While the U.S. federal government had passed laws dealing with immigration
in 1819, 1847, 1848, and 1855, these laws had little affect on the keeping
of passenger lists (other than to mandate that they be kept). When the
Supreme Court decided, in 1876, that states could not tax or regulate
immigration (since issues of foreign commerce are reserved to the federal
government), interest in federal legislation grew. Immigration and Passenger
Acts in 1882 provided the foundation for the later, more detailed lists.
Indeed, even the 1882 passenger act called for lists to include, in
addition to the name, ages, sex, and occupation of passengers, also
their native country and intended destination. Previous lists had only
recorded the country of allegiance, which is not always the same as
As pressures grew to restrict or, at least, to regulate immigration,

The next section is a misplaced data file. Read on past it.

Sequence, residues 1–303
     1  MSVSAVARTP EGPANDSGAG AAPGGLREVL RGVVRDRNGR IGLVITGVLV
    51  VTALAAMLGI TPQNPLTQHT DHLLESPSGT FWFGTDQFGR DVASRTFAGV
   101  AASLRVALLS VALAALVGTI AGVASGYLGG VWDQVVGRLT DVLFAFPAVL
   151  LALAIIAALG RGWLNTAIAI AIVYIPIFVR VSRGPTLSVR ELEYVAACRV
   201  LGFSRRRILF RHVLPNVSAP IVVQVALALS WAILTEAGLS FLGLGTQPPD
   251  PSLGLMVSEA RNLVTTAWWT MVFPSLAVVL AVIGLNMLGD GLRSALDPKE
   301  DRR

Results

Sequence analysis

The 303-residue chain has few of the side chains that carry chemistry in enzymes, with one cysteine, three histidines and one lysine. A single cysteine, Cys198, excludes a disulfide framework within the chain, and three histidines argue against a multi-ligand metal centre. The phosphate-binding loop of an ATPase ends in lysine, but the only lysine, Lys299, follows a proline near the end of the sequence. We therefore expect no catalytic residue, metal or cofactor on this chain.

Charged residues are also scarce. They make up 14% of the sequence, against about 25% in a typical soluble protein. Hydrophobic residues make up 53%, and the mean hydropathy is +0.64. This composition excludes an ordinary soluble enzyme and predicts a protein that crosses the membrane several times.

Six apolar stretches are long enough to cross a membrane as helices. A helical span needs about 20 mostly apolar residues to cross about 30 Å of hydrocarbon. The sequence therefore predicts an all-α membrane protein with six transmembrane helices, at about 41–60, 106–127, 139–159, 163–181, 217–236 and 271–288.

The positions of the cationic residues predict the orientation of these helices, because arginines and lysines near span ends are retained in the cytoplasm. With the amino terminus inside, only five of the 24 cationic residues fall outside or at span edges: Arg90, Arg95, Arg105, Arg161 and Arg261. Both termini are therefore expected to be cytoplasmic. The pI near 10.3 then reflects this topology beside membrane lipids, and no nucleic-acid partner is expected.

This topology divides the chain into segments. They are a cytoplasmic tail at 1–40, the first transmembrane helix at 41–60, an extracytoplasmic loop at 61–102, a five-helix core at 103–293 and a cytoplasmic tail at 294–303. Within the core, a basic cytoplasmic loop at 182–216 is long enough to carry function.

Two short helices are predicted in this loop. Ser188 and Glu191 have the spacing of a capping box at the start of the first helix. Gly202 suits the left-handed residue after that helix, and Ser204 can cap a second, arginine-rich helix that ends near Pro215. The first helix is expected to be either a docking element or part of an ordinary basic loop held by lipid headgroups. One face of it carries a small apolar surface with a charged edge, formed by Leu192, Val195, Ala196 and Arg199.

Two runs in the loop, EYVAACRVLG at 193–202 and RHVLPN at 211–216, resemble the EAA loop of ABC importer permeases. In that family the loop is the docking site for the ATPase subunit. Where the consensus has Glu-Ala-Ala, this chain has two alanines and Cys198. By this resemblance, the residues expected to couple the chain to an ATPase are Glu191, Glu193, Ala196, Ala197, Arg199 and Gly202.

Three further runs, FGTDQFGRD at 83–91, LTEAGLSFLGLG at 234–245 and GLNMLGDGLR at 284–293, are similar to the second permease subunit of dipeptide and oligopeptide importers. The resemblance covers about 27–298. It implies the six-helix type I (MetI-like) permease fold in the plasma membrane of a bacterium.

a major new piece of legislation emerged -- the Immigration Act of 1891.
This act established the Superintendent of Immigration (at first under
the Department of Treasury) and that required lists be kept to also
report the last residence of each alien. Two years later, another act,
designed to improve enforcement of the existing law, required more than
twice as much information from the passenger. Hence, the number of columns
on the ship's manifest had increased from the five or six on the older
Customs Lists, to twenty-one in 1893.
Some of the important additions included:
- last residence
- if joining a relative, that person's name, address,
- immigrant's ability to read and write
- who paid for passage
- state of immigrant's health
These acts had established "Immigrant Receiving Stations"
with inspectors who were to have "in his hands a written record of the
immigrant he was inspecting and, asking the same questions over again,
could compare the oral statements with it." Thus the lists were generally
filled out by the steamship lines, on forms provided by the Bureau of
Immigration, and provided to the inspectors at the receiving stations.